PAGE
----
It’s clear now that by the mid-'70s, Kraftwerk, regardless of their almost academic experimentalism, were, to those in the know, the hippest thing around. Alan Vega of electronic punks Suicide (themselves steeped in the influence of Kraftwerk) describes driving through Harlem in the late 1970s and hearing their music bleeding out of tenement blocks. While doing nothing more than pleasing themselves, Kraftwerk laid the roots of several revolutions. A whole school of European industrialists like Front 242 took the metal-On-metal sections of Trans-Europe Express to forge a scary new shop-floor sound. American dance producers like Arthur Baker were transfixed by the effortless binary funk that characterised other sections of the record. Kraftwerk, like perhaps only the Beatles before them, had proved themselves a truly influential group. Singular sparks from their phenomenal machine generated new musical movements in much the same way as the Fabs' 'Helter Skelter' single-handedly "invented" heavy metal.
The subsequent Man Machine (1978) and Computer World (1981) albums underlined Kraftwerk's unique vision. But the five-year gap between Computer World and 1986’s Electric Café LP suggested all was not well. It’s now clear that Electric Café was one brush stroke too many on a painting by them complete. Kraftwerk had begun to repeat themselves: seeming to have been so precise, so clever and so driven that they had actually arrived somewhere near the goals they had originally set themselves. There are few artists who can claim that. Perhaps more importantly, the rest of the world and dance music in particular, had started to catch up.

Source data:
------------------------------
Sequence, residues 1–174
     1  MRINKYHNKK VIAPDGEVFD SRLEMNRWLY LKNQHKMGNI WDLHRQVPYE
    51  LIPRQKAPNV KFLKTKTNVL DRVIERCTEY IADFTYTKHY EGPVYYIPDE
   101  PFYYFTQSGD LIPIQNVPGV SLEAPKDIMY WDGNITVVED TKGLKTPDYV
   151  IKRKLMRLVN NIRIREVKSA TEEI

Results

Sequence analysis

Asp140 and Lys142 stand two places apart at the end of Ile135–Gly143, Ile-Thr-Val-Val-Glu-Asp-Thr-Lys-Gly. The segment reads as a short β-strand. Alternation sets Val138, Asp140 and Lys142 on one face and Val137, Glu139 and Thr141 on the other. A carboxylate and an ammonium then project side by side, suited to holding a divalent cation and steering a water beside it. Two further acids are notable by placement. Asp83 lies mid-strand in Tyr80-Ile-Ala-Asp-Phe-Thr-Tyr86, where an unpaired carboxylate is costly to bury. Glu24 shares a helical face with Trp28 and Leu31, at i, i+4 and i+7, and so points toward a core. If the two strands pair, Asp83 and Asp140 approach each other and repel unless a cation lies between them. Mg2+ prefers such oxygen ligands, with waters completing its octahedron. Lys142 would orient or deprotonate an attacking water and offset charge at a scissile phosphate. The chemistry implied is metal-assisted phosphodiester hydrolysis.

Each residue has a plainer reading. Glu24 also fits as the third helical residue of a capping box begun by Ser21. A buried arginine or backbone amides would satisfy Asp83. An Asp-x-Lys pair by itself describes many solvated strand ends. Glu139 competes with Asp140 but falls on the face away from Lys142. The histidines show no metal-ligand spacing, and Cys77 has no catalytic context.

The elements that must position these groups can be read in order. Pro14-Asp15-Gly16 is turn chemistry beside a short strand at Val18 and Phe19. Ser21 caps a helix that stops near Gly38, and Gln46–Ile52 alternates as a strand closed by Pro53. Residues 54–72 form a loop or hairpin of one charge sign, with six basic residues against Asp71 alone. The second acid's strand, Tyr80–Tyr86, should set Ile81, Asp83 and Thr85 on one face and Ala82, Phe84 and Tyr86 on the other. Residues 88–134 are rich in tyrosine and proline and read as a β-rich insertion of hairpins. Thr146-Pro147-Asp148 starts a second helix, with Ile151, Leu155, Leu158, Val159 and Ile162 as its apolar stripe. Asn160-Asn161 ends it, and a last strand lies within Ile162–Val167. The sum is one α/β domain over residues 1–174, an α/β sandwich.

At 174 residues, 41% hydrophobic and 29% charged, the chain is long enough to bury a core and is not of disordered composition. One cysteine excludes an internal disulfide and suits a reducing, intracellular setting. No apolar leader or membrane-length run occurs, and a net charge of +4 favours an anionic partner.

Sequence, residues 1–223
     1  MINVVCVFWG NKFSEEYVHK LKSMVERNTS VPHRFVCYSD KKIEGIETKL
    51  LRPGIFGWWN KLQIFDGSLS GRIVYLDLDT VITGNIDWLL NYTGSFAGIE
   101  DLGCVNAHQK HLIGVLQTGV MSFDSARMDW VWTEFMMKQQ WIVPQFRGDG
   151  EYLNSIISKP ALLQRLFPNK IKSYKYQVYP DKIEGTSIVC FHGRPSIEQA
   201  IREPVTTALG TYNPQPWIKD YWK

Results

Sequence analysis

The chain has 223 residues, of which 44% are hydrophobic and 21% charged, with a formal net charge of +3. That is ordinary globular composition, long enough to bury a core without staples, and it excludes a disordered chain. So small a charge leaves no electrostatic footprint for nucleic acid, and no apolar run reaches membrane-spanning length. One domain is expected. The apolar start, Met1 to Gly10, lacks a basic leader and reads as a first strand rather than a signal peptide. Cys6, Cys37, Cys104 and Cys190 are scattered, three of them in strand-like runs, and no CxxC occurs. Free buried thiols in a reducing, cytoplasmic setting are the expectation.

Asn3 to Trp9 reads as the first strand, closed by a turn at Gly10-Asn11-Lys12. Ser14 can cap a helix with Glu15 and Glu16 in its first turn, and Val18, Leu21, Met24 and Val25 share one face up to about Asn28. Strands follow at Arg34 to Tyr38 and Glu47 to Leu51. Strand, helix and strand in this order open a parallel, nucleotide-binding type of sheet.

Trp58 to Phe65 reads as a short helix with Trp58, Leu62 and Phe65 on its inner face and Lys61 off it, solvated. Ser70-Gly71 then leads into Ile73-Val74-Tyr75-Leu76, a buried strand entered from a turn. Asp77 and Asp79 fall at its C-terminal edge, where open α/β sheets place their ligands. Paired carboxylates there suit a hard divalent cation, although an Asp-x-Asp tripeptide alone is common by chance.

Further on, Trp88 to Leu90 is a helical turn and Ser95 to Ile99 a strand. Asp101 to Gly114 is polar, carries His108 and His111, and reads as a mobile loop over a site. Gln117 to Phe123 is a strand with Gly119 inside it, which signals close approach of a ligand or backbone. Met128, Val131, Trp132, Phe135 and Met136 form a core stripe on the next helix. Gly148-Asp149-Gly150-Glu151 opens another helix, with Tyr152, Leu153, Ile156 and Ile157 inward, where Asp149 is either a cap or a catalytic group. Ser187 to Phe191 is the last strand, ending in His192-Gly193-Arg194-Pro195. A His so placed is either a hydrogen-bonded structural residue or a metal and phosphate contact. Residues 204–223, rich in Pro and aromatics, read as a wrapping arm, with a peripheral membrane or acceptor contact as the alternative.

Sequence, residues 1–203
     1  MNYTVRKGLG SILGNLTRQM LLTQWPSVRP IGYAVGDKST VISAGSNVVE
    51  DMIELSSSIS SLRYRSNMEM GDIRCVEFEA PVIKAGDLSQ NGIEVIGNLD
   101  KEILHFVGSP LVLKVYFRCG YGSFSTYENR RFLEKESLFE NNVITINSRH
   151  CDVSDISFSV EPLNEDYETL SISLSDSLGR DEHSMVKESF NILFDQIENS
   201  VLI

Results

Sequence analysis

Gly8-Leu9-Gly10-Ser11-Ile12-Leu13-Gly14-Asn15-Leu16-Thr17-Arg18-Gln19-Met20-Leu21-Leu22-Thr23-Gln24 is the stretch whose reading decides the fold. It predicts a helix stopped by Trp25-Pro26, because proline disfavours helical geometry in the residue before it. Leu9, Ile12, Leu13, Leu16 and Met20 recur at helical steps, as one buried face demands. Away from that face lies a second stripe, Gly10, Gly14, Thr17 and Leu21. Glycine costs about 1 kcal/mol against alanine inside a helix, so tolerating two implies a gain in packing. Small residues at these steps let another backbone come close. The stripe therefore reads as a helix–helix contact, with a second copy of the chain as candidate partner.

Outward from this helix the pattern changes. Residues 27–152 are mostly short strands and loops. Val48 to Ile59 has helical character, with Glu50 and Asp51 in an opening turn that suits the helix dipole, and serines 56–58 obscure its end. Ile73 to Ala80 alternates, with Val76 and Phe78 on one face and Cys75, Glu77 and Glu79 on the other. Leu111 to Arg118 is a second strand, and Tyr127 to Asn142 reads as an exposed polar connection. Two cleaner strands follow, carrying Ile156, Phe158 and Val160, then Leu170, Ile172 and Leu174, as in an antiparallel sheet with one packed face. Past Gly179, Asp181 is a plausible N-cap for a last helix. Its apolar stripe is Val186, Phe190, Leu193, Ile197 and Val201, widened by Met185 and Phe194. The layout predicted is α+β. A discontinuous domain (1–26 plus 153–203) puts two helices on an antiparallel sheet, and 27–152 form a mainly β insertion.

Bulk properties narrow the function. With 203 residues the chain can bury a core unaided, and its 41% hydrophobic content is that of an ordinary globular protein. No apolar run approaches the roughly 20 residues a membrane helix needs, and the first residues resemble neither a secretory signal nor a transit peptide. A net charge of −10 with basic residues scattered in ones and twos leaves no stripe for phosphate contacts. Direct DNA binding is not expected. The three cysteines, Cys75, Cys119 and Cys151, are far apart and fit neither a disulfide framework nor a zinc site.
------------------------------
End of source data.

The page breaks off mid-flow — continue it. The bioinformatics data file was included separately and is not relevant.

Before the release of Electric Café, Kraftwerk, devoted clubbers for some time, had been flattered by the adoring attentions of the New York dance scene. They called New York remixer Francois Kevorkian after seeing his name crop up on "20 or 30" 12-inch dance records they had bought and enjoyed. Kevorkian, who had cut his teeth DJ-ing and remixing some of the great Prelude label disco records was flattered and, while mixing tracks planned for the aborted Techno Pop LP during the period before Electric Café, showed the group around clubs like The Loft and Paradise Garage. Much has been written since this period about Kraftwerk being the originators of House. This was (and is still) a nice idea but the truth is far more complex. Due to the relatively cheap availability of drum machines and synthesisers from Japanese companies like Roland, something was bound to happen anyway. Add to this the fact that many of the early DIY house records were electronic by default — made by disco-obsessed producers who would really have preferred a 50-piece orchestra had they been able to afford it. A misleading but nonetheless appealing picture started to build up. In 1987, enjoying the association and, for the first time, following instead of leading, Kraftwerk’s 12-inch US release of 'The Telephone Call' had an unremarkable remix called 'Housephone'.